Wednesday, 13 May 2015

Step by step: Abbey House Cottage Garden oil painting

I have not done a step by step demonstration for some time and this is nearly one. Nearly because, towards the end, I was in the flow and did not stop as often as at the start to take pictures of the work in progress. However, this will give you a good idea of the process I have followed.

I would normally start with a toned canvas (Using toned canvasses for oil painting), but I had none ready in this format. I worked from a photograph I took last summer in the garden, and traced the outline of the main features free hand.

I went over the outline with diluted light brown because I didn't want the lead from the pencil to muddy the colours.

The colours on my palette were:

  • Titanium White,
  • Cadmium Yellow,
  • Still de grain brun (Mussini) - A light transparent brown
  • Cadmium Red,
  • Permanent Alizarin Crimson,
  • Cobalt Turquoise,
  • Cerulean Blue Hue,
  • French Ultramarine, and
  • Phthalo Blue.

All colours, unless specified, are by Winsor & Newton. The Titanium White is Winsor & Newton Griffin Alkyd, which helps speeding-up drying time. I also use the Sanodor solvent, which also helps with drying time.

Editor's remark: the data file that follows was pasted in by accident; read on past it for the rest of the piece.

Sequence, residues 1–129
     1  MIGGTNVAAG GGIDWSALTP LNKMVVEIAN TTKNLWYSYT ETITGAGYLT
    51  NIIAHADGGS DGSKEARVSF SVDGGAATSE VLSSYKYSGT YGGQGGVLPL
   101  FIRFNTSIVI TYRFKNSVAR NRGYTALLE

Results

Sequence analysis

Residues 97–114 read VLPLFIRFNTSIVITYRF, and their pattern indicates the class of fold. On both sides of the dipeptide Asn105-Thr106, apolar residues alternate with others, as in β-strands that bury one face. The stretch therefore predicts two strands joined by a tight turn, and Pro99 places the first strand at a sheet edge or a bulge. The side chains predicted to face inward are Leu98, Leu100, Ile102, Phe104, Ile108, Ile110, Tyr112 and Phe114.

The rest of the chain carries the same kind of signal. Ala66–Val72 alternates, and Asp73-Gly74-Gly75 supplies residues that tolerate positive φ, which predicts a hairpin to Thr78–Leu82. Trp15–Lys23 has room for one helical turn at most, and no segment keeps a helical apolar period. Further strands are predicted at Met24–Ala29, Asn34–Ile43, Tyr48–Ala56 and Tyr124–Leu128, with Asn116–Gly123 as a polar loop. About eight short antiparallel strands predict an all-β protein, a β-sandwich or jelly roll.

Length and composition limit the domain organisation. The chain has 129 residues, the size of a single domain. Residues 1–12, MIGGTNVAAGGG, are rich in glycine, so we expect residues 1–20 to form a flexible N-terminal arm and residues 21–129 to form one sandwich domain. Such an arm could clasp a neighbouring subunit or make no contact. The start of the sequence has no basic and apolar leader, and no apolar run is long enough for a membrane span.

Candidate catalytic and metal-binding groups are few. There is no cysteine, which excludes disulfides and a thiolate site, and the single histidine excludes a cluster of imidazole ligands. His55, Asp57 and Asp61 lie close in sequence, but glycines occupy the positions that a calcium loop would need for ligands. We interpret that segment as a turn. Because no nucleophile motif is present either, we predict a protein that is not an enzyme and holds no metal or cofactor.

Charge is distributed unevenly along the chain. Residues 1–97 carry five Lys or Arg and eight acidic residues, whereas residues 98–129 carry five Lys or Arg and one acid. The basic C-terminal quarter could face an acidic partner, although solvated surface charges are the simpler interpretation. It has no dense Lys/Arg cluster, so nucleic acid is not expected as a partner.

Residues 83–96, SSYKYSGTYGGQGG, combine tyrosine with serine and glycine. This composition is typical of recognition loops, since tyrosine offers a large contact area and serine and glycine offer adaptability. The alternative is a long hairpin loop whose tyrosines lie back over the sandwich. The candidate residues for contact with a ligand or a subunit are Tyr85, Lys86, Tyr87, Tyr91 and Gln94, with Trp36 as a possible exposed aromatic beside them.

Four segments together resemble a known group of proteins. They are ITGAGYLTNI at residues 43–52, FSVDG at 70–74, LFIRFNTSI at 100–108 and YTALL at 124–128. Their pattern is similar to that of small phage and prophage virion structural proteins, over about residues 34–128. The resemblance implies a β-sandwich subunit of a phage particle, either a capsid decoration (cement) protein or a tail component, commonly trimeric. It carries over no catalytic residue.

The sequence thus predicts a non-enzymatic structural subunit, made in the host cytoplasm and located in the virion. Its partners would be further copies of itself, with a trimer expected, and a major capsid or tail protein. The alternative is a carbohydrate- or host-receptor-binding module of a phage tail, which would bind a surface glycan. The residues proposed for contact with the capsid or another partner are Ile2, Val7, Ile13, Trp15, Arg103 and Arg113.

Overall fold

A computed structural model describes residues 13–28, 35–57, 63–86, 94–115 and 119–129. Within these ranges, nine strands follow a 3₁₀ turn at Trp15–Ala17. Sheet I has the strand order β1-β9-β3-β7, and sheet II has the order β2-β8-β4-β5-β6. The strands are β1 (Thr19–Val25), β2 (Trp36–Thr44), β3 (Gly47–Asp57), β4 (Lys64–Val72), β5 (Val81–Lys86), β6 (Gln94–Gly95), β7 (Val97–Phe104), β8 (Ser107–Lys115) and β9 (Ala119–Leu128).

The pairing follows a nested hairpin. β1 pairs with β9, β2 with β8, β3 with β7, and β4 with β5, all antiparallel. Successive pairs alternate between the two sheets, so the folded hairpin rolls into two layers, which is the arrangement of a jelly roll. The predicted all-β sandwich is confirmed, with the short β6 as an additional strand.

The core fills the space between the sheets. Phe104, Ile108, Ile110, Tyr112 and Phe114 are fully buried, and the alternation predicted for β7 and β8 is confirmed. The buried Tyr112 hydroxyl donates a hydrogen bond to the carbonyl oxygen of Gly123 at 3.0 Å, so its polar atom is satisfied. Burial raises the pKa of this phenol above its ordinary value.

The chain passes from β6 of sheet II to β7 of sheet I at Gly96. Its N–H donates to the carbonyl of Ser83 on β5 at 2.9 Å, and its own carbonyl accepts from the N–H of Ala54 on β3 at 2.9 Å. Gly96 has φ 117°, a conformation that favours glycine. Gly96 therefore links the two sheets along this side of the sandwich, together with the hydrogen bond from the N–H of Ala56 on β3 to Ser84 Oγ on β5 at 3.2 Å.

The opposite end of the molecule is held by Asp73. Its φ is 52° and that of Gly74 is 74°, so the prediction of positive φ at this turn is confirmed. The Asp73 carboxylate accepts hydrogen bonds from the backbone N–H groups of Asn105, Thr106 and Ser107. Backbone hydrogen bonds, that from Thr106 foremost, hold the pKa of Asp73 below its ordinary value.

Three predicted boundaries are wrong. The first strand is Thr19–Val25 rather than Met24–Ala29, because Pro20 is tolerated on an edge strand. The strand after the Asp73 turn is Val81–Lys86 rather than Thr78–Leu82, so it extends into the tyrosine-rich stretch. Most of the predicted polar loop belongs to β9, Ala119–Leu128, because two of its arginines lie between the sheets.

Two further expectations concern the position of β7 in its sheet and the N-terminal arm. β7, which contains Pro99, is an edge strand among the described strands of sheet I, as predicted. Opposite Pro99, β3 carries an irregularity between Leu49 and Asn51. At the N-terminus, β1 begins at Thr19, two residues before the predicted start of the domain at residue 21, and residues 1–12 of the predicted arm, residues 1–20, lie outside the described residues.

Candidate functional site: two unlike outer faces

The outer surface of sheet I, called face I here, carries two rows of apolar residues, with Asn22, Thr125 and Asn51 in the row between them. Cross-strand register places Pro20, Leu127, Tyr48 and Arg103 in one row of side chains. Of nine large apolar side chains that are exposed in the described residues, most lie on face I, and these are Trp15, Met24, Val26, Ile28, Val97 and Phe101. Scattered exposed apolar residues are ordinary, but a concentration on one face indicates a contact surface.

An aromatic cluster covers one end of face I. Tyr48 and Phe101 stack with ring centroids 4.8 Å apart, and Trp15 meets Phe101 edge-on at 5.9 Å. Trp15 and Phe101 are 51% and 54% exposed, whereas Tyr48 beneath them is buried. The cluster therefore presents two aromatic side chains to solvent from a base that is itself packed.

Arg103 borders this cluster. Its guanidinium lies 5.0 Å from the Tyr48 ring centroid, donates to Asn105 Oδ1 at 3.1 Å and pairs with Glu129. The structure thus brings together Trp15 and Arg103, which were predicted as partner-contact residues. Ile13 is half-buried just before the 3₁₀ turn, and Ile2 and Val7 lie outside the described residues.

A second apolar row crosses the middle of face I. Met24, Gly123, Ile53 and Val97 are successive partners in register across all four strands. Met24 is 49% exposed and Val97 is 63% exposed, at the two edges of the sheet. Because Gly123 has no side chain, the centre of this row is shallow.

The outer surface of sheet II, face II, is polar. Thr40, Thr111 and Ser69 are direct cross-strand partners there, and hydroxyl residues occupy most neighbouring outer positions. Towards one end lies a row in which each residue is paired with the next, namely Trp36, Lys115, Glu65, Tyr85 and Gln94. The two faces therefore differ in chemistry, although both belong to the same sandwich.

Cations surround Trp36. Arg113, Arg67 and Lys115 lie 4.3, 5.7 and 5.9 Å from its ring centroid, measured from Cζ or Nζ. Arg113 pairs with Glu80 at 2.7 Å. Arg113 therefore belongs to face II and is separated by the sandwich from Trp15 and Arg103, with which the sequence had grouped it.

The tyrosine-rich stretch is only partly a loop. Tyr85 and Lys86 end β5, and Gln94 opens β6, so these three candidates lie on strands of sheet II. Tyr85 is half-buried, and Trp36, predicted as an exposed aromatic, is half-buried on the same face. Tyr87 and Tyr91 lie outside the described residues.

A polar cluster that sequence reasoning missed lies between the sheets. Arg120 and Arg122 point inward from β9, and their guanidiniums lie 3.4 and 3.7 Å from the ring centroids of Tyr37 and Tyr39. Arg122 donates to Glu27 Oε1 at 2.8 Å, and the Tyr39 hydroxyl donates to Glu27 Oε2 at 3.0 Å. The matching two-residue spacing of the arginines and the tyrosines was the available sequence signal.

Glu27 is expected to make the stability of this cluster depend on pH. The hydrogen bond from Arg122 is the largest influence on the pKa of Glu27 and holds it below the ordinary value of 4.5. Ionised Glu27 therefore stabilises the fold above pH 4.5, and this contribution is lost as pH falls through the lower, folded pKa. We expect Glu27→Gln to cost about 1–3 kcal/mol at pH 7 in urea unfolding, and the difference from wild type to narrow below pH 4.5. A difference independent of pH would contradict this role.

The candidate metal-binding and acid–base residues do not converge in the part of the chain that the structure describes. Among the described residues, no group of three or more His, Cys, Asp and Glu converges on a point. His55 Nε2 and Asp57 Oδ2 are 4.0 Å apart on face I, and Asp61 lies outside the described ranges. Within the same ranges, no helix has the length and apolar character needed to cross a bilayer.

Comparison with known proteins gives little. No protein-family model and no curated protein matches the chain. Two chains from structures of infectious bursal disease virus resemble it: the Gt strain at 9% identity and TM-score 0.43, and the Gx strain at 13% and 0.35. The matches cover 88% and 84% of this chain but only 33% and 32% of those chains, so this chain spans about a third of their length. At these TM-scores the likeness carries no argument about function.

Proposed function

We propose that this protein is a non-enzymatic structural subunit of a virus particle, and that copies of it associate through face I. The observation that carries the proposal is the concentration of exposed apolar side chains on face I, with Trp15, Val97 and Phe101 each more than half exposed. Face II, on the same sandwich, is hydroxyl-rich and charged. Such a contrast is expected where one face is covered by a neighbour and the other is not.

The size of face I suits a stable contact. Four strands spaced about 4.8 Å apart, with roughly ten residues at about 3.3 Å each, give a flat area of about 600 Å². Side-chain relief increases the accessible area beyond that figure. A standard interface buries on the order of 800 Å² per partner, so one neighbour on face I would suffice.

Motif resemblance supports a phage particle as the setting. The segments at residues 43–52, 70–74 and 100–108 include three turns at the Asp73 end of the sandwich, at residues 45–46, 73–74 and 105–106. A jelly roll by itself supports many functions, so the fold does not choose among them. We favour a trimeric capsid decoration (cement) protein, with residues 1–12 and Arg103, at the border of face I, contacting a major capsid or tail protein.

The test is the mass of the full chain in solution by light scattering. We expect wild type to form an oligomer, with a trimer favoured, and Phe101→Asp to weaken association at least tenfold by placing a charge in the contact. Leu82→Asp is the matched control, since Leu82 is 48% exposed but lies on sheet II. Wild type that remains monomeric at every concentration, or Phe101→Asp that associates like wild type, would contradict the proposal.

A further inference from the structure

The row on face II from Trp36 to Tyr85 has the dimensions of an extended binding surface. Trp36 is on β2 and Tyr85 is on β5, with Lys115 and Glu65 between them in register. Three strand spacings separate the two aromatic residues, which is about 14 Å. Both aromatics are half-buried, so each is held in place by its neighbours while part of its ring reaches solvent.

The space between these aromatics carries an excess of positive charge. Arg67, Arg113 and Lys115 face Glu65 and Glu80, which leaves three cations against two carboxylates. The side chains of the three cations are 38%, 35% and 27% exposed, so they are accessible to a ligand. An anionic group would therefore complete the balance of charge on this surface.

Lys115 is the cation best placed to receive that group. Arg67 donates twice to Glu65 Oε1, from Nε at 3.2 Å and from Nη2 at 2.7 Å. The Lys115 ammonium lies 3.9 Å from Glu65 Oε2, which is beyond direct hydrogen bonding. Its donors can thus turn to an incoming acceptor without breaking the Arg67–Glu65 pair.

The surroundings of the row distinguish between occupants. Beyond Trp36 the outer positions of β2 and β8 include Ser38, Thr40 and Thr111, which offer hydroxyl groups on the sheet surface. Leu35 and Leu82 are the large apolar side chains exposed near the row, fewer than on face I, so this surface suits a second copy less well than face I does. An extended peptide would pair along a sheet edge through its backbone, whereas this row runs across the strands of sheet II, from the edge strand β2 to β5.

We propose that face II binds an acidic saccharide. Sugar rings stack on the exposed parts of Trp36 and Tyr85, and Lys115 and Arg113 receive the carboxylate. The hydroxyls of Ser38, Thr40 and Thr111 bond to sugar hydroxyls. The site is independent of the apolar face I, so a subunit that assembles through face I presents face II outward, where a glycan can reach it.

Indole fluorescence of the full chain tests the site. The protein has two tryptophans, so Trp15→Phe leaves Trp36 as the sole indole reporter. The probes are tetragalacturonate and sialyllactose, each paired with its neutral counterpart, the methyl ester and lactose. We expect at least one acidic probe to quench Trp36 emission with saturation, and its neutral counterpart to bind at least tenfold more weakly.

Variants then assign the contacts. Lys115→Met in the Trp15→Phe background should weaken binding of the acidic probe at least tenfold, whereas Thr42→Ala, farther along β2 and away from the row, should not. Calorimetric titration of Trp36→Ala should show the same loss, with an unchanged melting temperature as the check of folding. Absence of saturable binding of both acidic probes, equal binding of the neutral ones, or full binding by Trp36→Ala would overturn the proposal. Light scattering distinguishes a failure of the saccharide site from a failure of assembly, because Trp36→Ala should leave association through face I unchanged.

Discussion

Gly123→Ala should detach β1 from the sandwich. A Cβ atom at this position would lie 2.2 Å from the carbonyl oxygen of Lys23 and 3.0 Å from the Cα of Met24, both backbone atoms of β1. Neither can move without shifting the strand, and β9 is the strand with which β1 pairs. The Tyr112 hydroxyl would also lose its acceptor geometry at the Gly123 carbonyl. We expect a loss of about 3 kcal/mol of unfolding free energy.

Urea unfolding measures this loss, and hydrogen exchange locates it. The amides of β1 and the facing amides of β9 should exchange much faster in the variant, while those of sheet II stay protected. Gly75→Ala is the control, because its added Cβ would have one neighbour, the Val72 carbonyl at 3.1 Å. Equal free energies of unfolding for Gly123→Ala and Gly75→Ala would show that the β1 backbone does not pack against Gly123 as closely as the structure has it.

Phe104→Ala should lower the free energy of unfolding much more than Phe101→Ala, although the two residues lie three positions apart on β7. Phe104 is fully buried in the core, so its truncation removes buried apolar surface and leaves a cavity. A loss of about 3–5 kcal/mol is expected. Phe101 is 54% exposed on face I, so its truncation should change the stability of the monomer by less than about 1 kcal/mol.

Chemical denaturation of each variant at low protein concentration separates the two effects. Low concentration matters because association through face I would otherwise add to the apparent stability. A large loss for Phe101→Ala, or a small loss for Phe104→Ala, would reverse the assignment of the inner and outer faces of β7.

At an early stage, I used very diluted paint. Apart for the sky and for the walls of the house, I did not touch the white. I wanted a thin glaze that established the masses and started to express the tonal contrasts.

The initial layer dried quickly and formed the base for the blocking-in phase. I applied thicker paint. You can see the warm tones in the foreground (pink, orange and red) that will enhance the green tones.

I built-up the foliage of the trees and layered paint to create a tapestry of plants and flowers in the borders.

It was time to get the linseed oil out to apply spots of brighter colours. At this stage, I was looking for some texture and colour accents.

Painting knifes are great tools to give texture. I applied paint with a painting knife in the sky, on the dark edge, but also in the borders (scraping it to create random mix of tones).

The final painting is below. Notice how I pushed the house in the background by glazing some Titanium White over it, the day after the first painting session. I also reworked the sky to make it lighter and get a better atmospheric perspective.


Swindon Open Studios said...

This is such a great post Benoit. I love the final painting, and Abbey House Gardens are so beautiful.

Swindon Open Studios said...

I love your art and your posts are excellent, just the right balance between text and photos